BAKE the donuts for 7-10 minutes. Cool on a wire rack over a baking sheet.
MIX together the glaze ingredients while the donuts are cooling.
DIP the cooled donuts in the maple glaze and top with crumbled bacon.
Do Bacon Donuts Need to Be Refrigerated
If you need to store your donuts, you can store the plain baked donuts in an airtight container for up to three days. Then glaze and top with bacon when you’re ready.
Keep the crumbled bacon in the fridge and let it come up to room temperature before using. You can also throw it in a small skillet until it’s heated through to speed things up.
If you want to store the finished donuts, definitely keep them in the fridge.
Grab a cup of coffee and cook up your bacon, then make up a batch of these easy maple bacon donuts and watch the tears of joy on the faces of the ones you love…or just enjoy them and don’t let anyone see you licking the platter. Come back here once you have pulled yourself together and stopped drooling over this goodness, and let me know how you liked them!
More delicious brunch recipes
- Brown Sugar Bacon Wrapped Little Smokies
- Baked Brie with Pecans and Bacon
- Beer Bacon and Cheese Dip
- Bacon-Wrapped Breadsticks
- Elvis Waffles
Baked Maple Bacon Donuts
- 6 slices bacon cooked and crumbled
- 1 ¾ cup all-purpose flour
- 1 teaspoon baking powder
- ¼ teaspoon baking soda
- ¼ cup bacon grease cooled (see note)
- 1 tablespoon butter at room temperature
- ½ cup brown sugar
- ¾ cup sour cream
- ⅓ cup maple syrup
- 1 egg
- ½ cup maple syrup
- 1 cup powdered sugar
- 2 tablespoons butter at room temperature
- 1 teaspoon vanilla extract
- Preheat oven to 350 degrees F. Coat two donut pans with non-stick cooking spray.
- Place a large skillet over medium heat. Cook the bacon for 8-10 minutes, flipping as needed, until crispy. Transfer to a paper towel-lined plate to drain. Remove skillet from heat and let the bacon grease cool a little.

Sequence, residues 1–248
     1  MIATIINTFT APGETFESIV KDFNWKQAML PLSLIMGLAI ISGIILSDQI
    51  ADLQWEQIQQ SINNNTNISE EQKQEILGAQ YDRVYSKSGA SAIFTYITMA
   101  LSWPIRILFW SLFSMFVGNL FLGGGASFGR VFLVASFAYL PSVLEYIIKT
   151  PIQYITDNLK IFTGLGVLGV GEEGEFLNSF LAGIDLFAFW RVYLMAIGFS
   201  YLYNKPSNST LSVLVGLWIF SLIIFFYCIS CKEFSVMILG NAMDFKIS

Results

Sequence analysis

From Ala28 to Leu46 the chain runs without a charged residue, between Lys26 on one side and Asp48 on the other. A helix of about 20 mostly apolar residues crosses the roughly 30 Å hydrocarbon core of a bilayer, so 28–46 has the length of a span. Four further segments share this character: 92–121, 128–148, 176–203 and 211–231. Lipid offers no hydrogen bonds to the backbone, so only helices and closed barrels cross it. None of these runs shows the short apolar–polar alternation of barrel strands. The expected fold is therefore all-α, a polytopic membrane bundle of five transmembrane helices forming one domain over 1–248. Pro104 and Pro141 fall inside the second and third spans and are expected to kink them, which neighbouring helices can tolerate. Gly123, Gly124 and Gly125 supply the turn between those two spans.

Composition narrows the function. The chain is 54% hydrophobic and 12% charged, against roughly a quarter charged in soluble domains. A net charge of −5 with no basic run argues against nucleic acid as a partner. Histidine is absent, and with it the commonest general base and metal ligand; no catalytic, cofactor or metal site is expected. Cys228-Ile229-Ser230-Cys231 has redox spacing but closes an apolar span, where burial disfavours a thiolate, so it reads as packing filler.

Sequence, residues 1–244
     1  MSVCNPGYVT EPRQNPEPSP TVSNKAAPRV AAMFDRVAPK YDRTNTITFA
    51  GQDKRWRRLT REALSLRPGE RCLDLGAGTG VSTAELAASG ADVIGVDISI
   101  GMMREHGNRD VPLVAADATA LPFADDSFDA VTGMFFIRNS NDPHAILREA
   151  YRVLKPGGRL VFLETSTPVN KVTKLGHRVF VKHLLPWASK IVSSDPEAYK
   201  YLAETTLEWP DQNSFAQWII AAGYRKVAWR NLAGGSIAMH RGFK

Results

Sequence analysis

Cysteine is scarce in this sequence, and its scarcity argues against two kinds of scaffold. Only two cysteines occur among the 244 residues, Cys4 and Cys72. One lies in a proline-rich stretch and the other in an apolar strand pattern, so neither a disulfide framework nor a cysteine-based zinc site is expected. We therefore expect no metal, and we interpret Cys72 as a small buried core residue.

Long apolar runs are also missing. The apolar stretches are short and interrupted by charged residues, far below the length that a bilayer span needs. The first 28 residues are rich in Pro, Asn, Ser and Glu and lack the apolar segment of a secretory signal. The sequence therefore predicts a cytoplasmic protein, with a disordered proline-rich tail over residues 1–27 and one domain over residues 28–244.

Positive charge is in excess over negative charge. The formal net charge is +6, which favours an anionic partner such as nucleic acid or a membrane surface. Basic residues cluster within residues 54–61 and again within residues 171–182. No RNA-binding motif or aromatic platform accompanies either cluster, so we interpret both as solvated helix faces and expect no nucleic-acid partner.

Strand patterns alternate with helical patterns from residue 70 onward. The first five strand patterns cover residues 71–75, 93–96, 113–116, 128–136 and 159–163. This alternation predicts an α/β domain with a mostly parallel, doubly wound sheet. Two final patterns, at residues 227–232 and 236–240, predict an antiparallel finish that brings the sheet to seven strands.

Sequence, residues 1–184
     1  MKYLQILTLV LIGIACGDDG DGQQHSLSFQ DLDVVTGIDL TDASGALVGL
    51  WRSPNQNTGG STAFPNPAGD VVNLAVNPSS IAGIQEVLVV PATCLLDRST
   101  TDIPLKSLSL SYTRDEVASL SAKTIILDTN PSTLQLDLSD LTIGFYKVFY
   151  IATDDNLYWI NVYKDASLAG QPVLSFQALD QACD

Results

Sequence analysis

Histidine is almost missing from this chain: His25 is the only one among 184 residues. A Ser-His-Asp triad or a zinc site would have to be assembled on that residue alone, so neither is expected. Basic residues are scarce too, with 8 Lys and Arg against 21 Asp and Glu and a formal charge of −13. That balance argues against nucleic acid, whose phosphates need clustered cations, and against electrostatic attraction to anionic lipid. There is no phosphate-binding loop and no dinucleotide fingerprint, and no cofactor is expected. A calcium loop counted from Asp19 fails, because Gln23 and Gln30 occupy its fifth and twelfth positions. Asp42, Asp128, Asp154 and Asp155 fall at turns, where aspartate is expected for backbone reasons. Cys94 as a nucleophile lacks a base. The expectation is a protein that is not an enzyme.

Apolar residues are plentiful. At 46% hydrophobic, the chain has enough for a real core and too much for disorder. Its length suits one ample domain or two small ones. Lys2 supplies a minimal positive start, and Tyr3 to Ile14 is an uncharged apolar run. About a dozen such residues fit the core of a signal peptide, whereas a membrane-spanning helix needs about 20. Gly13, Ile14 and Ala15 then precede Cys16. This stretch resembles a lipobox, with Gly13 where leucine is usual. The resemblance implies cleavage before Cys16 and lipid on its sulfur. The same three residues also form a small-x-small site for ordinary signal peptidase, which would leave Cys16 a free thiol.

- In a medium mixing bowl, whisk together the flour, baking powder, and baking soda. Set aside.
- In a large mixing bowl, whisk together the cooled bacon grease and butter until smooth. Add the brown and whisk until combined.
- Add the sour cream, maple syrup, and egg and whisk for 2-3 minutes until very smooth.
- Pour the dry ingredients into the wet ingredients and whisk until combined.
- Fill the donut pan cavities about 2/3 full with batter. Bake for 7-10 minutes or until a toothpick inserted in the center comes out clean.
- Remove donuts from the oven and let them cool on a wire rack placed over a baking sheet for 10 minutes.
- While the donuts are cooling, whisk together the maple syrup, powdered sugar, butter, and vanilla in a mixing bowl until smooth.
- Chop the cooled bacon to use as sprinkles.
- Dip a donut halfway into the glaze and then place it back on the wire rack so the glaze can run off onto the baking sheet. Sprinkle with chopped bacon. Repeat with remaining donuts, glaze, and bacon.
All nutritional information is based on third party calculations and is only an estimate. Each recipe and nutritional value will vary depending on the brands you use, measuring methods and portion sizes per household.